Fairygodboss Of The Week: Jessica Bennett

Courtesy of Getty Images

Jessica Bennett, author of "Feminist Fight Club"

Courtesy of Getty Images

May 18, 2024 at 6:18AM UTC
Jessica Bennett, who’s compiled a decade of her observations and research into a kickass book called “Feminist Fight Club,” is on a mission to help women to fight sexism at work. “[My book is] the manual I wish I had when I was beginning my career,” says The New York Times contributing writer. Much of her work as a journalist focuses on gender — and we’re pumped to hear her speak this Wednesday, June 21 at Ellevate Network’s “Mobilizing the Power of Women Summit,” which will also feature our co-founder Romy Newman! In the meantime, Jessica’s given us the scoop on how she made it as a journalist and has shared her #1 piece of career advice.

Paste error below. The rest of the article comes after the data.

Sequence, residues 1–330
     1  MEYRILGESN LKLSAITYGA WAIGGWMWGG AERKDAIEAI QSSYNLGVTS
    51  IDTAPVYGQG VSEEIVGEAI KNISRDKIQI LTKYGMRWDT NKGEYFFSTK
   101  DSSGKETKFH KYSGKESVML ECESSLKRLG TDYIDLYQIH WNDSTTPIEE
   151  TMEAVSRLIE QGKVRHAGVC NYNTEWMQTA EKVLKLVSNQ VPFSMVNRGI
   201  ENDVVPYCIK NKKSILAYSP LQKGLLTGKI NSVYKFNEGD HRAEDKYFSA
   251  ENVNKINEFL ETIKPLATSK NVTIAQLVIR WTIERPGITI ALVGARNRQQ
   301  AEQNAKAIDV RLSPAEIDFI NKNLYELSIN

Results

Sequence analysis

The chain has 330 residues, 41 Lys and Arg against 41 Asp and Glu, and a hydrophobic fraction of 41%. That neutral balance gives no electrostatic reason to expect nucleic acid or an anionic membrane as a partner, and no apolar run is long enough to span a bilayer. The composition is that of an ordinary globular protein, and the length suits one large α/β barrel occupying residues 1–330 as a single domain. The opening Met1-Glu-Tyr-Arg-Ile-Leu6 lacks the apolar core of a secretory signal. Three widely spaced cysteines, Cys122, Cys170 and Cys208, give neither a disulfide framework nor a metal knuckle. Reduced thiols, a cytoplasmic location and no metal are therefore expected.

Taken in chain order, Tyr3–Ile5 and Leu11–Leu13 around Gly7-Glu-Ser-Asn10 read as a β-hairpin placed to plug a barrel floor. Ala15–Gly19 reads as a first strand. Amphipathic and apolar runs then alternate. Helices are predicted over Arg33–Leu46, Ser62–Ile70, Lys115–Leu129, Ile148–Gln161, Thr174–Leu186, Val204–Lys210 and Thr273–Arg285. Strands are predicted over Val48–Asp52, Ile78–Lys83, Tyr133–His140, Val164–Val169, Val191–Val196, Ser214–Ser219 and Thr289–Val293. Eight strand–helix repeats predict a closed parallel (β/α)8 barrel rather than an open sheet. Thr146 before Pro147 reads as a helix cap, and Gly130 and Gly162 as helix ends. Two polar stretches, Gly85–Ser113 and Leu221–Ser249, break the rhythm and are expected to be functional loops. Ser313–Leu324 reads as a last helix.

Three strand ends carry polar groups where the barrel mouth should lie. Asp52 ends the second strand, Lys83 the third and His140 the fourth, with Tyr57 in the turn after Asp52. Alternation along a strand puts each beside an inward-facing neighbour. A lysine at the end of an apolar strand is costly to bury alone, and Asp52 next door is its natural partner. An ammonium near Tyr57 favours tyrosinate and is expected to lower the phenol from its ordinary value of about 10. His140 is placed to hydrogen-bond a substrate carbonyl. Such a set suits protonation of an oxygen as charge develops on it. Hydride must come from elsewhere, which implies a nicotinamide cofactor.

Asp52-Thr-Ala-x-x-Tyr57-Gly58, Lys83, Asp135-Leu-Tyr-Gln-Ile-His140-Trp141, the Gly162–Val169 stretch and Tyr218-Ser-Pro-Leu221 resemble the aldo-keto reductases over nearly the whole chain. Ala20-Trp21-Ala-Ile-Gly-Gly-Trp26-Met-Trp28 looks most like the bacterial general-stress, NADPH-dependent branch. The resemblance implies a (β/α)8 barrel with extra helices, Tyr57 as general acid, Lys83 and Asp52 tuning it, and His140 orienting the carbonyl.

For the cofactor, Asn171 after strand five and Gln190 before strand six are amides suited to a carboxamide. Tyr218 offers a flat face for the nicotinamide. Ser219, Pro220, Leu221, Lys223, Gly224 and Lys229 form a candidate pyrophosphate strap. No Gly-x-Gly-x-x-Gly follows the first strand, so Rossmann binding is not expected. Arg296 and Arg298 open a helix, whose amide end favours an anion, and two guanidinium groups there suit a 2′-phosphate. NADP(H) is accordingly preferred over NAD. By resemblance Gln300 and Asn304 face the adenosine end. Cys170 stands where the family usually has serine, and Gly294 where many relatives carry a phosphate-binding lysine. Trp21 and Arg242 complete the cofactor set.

Fairygodboss of the Week: Jessica Bennett
Contributing Writer, The New York Times
New York, NY
FGB: Tell us a little about your career. How did you get to where you are now?
JB:  I always knew I wanted to be a journalist — literally since the 4th grade, when the editor of the Seattle Times, my hometown newspaper, came and conducted a series of workshops at my elementary school. But by the time I graduated college and got my first internship, the industry was imploding. The newspaper I interned for went under. The one where I did a college fellowship was sold.